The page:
Currently viewing the tag: "food chain"
What's That Bug? does not endorse extermination

Query Damsel Flies mating followed by cannibalism
Hi,
I was photographing these Eastern Forktail Damselflies (July 25th) and after mating the male appeared to be killing and eating the female. The wings actually fell off. I ‘Googled’ the query Damselfly Mating and Cannibalism and came to your site.
Marlene Walker
Huntsville, Ontario, Canada

Hi Marlene,
We are curious to hear from any experts regarding what we suspect is an unusual phenomenon. Postcoital Cannibalism is not that rare in the world of insects and arthropods since a male sperm donar will also provide a hearty meal for the female who now has the burdon of laying eggs. She needs her nourishment. The role reversal in your Damselfly image would seem to be an anomaly.

Correction: (09/03/2008)
Hello, I am a NY Dragonfly and Damselfly surveyor and am responding to the email below. The damselfly was identified as a male but it is in fact a female Eastern Forktail (Ischnura verticalis). While it is not common for a female to eat the male it is not unheard of. Dragonflies and damselflies are frequently seen eating other dragonflies and damselflies.
Annette Oliveira
Long Island, New York

What's That Bug? does not endorse extermination

Location is Hawthorne, CA – Volucella bombylans?
Dear Bugman,
I emailed you a while ago with a blurry photo of something I’d not seen before. Today I was able to get sharp shots of this bug and it’s prey. I’ve attached two of them in hopes that you will be able to tell me if it is a hoverfly. Thanks for your time! I’m in Hawthorne, California – please don’t send me directly to the Trash!!! Sincerely,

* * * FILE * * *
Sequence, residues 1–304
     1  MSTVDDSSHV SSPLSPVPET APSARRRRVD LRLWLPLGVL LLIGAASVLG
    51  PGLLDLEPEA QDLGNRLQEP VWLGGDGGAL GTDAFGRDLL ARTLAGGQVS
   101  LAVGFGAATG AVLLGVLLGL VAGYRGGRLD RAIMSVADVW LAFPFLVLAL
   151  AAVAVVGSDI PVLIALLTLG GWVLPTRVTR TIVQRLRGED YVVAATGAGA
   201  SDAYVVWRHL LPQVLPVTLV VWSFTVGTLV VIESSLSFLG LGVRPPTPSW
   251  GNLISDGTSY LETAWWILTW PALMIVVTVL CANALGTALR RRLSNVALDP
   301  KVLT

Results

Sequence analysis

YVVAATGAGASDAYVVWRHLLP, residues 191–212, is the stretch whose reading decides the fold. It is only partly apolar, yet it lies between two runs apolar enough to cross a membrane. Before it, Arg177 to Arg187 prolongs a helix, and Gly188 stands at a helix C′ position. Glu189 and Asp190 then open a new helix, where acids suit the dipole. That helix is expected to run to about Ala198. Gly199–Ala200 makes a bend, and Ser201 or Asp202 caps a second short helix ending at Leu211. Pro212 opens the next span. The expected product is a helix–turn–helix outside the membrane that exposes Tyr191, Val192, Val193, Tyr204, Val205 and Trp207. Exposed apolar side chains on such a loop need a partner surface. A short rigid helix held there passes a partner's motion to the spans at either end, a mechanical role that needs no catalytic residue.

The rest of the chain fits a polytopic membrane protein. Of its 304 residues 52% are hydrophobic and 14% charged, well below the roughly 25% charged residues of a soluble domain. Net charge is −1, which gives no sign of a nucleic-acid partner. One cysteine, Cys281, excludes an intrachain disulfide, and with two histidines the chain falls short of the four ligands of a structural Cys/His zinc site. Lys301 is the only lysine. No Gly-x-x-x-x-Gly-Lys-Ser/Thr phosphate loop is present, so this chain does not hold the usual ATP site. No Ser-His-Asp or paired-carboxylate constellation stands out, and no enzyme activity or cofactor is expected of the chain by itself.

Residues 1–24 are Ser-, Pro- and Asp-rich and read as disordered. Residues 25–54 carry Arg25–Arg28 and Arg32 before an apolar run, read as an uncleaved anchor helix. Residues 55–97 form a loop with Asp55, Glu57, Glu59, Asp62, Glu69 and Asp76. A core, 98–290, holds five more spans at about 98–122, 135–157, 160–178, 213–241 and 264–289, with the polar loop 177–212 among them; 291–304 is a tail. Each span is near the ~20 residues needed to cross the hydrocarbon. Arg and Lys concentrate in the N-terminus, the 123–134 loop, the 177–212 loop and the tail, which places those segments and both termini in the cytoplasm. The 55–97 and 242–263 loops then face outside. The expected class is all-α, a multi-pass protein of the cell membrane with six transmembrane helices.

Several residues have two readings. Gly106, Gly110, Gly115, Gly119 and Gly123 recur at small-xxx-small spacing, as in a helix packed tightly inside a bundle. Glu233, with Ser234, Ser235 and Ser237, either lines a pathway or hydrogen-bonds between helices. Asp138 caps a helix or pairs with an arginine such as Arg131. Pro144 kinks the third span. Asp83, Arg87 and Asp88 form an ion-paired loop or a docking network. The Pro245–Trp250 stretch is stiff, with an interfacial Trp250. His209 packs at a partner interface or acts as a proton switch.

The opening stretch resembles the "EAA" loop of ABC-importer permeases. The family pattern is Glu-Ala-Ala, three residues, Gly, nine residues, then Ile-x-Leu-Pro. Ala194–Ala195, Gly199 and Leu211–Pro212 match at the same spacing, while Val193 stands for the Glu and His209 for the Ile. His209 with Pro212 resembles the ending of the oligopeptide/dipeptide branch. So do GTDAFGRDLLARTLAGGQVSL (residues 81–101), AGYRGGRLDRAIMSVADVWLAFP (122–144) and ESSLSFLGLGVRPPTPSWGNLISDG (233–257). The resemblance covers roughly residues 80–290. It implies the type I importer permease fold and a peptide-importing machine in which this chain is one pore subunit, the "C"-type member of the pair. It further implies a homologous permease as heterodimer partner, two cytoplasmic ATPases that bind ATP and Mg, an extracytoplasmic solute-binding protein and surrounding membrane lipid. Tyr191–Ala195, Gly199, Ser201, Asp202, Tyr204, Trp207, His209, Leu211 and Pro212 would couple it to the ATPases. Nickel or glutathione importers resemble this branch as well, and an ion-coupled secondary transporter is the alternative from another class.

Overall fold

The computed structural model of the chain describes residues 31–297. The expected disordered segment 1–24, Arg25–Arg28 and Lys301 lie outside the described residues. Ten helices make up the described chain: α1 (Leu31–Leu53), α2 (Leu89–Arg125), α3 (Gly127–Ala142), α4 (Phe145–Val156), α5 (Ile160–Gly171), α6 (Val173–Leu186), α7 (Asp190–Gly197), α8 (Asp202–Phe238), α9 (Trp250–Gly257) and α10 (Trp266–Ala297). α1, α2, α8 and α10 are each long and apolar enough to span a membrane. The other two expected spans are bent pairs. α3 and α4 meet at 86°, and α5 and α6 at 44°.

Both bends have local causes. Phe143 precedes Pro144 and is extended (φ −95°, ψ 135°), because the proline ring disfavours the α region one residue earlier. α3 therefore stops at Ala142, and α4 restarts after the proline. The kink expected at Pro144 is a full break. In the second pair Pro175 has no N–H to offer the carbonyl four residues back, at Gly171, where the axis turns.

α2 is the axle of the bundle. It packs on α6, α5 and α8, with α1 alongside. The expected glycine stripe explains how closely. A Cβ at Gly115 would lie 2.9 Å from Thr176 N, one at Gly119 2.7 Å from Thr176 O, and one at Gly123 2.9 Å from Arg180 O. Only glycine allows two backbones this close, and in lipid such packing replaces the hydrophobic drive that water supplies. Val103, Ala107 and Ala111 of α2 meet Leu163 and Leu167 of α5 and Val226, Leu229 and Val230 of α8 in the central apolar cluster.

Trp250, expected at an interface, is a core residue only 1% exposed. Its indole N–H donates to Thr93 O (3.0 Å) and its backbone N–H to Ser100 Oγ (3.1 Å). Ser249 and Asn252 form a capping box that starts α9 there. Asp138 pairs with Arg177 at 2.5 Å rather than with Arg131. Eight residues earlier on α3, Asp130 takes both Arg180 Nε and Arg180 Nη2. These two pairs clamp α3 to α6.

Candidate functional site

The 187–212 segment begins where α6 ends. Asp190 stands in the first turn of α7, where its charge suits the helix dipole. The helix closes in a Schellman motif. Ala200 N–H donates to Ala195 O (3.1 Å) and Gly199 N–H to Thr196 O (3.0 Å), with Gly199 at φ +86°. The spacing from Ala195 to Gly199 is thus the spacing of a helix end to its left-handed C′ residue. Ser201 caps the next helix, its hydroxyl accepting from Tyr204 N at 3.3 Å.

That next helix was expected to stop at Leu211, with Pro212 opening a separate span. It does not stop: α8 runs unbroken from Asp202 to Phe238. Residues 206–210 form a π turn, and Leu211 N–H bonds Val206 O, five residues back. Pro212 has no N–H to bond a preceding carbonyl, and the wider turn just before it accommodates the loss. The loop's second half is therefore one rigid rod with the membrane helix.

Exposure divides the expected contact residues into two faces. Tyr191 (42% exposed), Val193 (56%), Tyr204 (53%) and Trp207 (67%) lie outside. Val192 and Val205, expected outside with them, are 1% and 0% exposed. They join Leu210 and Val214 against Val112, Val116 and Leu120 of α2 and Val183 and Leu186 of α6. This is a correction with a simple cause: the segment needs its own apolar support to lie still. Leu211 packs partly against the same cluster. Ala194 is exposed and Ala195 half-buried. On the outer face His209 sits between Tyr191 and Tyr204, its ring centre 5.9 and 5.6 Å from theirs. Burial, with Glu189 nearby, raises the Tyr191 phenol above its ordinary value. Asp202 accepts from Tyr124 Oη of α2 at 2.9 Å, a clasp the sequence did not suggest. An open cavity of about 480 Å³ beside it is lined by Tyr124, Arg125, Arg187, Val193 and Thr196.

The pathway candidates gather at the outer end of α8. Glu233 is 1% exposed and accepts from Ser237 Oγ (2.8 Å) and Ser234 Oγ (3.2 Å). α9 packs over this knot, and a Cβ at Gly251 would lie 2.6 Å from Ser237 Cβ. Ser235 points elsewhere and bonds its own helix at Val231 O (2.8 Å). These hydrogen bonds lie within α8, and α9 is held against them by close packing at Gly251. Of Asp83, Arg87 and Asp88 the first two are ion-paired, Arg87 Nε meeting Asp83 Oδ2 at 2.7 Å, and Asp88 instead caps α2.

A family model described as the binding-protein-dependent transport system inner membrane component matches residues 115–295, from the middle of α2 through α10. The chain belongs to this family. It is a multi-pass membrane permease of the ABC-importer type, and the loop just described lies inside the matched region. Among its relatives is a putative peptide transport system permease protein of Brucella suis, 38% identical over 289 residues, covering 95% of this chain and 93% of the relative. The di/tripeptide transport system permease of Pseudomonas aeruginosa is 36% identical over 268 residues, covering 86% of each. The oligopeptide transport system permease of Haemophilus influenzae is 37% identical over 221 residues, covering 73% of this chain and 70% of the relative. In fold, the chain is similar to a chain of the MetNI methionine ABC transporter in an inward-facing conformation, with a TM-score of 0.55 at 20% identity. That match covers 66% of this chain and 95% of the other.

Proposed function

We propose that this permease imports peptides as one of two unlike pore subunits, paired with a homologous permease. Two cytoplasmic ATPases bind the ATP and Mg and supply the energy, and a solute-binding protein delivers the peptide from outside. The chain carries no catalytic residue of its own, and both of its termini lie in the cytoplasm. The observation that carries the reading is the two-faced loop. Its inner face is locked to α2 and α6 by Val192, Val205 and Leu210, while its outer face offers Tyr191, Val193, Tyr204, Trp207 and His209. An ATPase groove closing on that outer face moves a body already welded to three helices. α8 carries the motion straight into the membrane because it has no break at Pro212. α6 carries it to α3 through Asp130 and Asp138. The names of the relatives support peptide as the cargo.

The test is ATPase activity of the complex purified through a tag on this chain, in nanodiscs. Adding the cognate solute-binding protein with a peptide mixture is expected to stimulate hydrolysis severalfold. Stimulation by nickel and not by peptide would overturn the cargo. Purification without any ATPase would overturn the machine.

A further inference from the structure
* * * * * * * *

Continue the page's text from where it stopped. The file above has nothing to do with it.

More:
Anna Carreon

Hi Anna,
This is a species of Robber Fly known as a Bee Killer. It is Mallophora fautrix, which accoring to BugGuide, is the only species in the genus found in California. We received another photo a few days ago. Putting an unusual scientific name in your subject line was a good way to get our attention.

Hi Daniel,
Thanks for your information. A cousin of mine saw the posting of the Mallophora fautrix posted on your site and emailed me about it (I hadn’t been out to the site since the day before it was posted). What an interesting creature this is! I’d never seen one before, and my mother, who lives .3 miles away, is now in search of one in her back yard. She says she’s never seen one in her 77 years of life and she’s determined to see one in her next 77 years.
Anna

What's That Bug? does not endorse extermination

wasps
I just came across your website (thanks to Google) because I was trying to identify a wasp that we had never seen before. We live in southeastern Massachusetts and have just recently seen this wasp and, until today, had only seen one, but today we saw two. So I went to your website to try to identify it, but I couldn’t be absolutely sure of the markings, so I went outside to take some pictures of it. Boy, did I get a bonus!!! One of the wasps came home with a huge bug which I assume is some sort of cicada. Can you tell I’m not into insects?!? I was lucky enough to get a couple of pictures of the wasp with its prey as well as its nest. Hope you can use them on your site. If you can give me any information on these wasps, I would appreciate it. Thanks and keep up the good work on your website.